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Gender and Educational Differences in Perception of Domestic Violence Against Women Among Libyan Migrants in Manchester.

Authors
  • El Abani, Suaad1
  • Pourmehdi, Mansour2
  • 1 University of Tripoli, Libya. , (Libya)
  • 2 Manchester Metropolitan University, UK.
Type
Published Article
Journal
Journal of interpersonal violence
Publication Date
Mar 01, 2021
Volume
36
Issue
5-6
Pages
2074–2096
Identifiers
DOI: 10.1177/0886260518760006
PMID: 29475425
Source
Medline
Keywords
Language
English
License
Unknown

Abstract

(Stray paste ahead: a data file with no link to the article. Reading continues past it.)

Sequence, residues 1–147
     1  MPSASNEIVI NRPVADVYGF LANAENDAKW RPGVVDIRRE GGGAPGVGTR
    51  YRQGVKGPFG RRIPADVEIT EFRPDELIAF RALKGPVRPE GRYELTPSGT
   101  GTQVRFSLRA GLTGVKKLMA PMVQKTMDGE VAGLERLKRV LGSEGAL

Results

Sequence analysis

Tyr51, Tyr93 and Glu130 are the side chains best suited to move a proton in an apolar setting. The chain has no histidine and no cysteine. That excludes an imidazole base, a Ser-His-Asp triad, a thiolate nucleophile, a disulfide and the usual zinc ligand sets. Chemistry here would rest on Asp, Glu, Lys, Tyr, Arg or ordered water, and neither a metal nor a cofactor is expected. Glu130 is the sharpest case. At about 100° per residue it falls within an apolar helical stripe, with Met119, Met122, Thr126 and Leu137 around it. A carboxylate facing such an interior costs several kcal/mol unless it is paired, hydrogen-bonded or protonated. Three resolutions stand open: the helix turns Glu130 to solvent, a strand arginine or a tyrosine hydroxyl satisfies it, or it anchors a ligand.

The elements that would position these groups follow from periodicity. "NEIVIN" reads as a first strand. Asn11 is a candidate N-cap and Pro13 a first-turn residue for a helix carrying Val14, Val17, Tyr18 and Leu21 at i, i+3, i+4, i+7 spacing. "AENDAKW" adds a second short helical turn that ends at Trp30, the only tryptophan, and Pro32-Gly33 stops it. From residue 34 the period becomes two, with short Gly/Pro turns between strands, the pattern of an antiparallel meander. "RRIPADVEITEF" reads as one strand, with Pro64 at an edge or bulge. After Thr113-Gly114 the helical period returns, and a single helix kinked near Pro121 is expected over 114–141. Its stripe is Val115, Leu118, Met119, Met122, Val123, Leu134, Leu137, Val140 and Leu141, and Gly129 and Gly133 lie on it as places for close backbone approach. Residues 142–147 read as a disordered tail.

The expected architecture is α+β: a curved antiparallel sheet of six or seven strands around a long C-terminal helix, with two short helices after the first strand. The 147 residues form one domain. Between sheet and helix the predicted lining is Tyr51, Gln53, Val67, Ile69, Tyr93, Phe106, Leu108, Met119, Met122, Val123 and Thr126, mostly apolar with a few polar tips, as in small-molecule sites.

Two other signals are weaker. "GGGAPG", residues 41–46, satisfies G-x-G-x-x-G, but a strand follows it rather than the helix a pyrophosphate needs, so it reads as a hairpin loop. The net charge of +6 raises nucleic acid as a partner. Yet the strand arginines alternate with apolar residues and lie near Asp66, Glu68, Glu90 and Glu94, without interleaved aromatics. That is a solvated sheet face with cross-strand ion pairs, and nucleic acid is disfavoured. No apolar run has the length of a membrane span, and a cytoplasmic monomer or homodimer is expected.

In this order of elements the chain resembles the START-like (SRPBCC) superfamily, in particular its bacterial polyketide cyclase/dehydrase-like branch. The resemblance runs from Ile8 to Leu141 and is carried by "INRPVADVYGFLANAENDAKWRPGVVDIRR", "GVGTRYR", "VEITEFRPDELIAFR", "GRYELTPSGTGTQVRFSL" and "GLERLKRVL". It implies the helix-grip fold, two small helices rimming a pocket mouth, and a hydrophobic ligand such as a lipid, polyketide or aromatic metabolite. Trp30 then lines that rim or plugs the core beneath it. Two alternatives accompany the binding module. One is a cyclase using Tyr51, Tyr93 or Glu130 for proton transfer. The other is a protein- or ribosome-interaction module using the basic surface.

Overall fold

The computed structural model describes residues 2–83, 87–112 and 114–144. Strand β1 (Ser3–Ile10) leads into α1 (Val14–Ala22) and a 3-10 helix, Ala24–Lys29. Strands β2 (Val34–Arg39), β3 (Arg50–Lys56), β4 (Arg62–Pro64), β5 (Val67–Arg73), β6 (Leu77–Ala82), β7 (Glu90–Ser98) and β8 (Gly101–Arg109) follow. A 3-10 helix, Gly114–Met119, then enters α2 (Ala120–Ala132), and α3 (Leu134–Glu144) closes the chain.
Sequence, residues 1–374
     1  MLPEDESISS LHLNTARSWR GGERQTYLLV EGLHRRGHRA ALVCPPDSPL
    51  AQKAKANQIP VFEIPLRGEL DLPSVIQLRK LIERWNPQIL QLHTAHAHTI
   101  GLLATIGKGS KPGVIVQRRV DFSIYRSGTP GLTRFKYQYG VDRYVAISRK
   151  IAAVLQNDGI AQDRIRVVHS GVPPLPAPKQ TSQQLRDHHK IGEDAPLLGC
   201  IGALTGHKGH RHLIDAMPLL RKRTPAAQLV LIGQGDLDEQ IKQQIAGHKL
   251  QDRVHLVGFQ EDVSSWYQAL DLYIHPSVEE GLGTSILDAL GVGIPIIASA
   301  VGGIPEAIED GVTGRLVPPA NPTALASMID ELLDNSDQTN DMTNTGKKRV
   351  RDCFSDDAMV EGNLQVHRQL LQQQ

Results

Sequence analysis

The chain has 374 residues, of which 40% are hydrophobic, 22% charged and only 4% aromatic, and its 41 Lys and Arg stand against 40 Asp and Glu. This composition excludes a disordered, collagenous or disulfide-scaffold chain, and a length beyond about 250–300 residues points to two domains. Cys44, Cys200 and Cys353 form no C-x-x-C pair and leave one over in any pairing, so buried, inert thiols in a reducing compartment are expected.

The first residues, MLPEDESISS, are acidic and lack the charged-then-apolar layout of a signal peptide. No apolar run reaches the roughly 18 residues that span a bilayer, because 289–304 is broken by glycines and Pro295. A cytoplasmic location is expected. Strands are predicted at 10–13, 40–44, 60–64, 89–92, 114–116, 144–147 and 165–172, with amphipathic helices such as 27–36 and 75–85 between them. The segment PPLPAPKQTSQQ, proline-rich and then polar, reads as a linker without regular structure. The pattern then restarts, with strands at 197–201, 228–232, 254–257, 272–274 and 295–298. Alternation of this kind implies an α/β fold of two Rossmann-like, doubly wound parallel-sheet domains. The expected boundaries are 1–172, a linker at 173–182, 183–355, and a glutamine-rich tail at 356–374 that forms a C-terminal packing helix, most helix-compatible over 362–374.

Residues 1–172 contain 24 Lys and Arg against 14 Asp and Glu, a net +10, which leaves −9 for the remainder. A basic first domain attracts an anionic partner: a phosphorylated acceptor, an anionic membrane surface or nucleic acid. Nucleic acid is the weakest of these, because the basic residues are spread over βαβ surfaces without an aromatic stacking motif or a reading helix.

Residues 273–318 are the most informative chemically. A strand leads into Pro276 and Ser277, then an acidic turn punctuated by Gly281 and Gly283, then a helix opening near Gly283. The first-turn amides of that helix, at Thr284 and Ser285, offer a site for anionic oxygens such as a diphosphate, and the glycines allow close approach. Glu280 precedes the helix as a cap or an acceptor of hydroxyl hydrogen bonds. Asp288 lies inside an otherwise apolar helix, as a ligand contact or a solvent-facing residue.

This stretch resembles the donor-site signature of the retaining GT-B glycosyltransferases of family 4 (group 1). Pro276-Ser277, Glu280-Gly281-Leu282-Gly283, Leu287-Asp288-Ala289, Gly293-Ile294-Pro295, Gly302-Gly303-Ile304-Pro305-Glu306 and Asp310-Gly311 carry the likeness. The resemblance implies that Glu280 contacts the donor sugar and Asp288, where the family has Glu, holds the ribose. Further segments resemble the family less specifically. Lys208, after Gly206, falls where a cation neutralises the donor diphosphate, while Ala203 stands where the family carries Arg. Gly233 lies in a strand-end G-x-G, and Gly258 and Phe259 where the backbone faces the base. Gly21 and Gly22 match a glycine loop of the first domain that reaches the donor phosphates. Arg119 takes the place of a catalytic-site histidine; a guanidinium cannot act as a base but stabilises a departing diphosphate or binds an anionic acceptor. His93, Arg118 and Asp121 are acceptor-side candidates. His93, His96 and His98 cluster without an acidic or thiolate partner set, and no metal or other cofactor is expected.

Domestic violence against women (DVAW) is a worldwide phenomenon and refers to any act committed against women that results in physical and psychological harm, and coercion, loss of liberty, and deprivation. There is a dearth of research and information about the extent and prevalence of domestic violence among Libyan communities. The aim of the study was to explore community knowledge of, and attitudes toward, DVAW and to improve our understanding of the factors that influence knowledge, attitudes, and responses, particularly educational and gender differences. Using snowball sampling, we analyzed 20 semistructured interviews with Libyans living in Manchester, United Kingdom. We found gender and education-influenced participants' perception of DVAW. Men in general did not recognize DVAW as a serious social problem; noticeably, they saw it as a personal and family issue. Knowing attitudes toward DVAW is necessary for government and communities' prevention policies as attitudes influence perpetration of DVAW.

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